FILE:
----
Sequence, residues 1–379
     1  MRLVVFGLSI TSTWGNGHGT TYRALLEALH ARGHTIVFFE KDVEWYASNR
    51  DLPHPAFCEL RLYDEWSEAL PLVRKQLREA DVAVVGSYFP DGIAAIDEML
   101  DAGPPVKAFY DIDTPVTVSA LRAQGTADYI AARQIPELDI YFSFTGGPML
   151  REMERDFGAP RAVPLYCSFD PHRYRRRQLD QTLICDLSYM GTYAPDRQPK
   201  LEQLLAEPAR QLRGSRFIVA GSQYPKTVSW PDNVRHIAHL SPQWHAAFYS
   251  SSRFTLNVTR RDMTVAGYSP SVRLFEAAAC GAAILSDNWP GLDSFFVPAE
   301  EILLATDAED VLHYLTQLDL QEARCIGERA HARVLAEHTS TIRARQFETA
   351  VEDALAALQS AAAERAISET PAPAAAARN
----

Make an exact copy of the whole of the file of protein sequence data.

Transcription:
Sequence, residues 1–379
     1  MRLVVFGLSI TSTWGNGHGT TYRALLEALH ARGHTIVFFE KDVEWYASNR
    51  DLPHPAFCEL RLYDEWSEAL PLVRKQLREA DVAVVGSYFP DGIAAIDEML
   101  DAGPPVKAFY DIDTPVTVSA LRAQGTADYI AARQIPELDI YFSFTGGPML
   151  REMERDFGAP RAVPLYCSFD PHRYRRRQLD QTLICDLSYM GTYAPDRQPK
   201  LEQLLAEPAR QLRGSRFIVA GSQYPKTVSW PDNVRHIAHL SPQWHAAFYS
   251  SSRFTLNVTR RDMTVAGYSP SVRLFEAAAC GAAILSDNWP GLDSFFVPAE
   301  EILLATDAED VLHYLTQLDL QEARCIGERA HARVLAEHTS TIRARQFETA
   351  VEDALAALQS AAAERAISET PAPAAAARN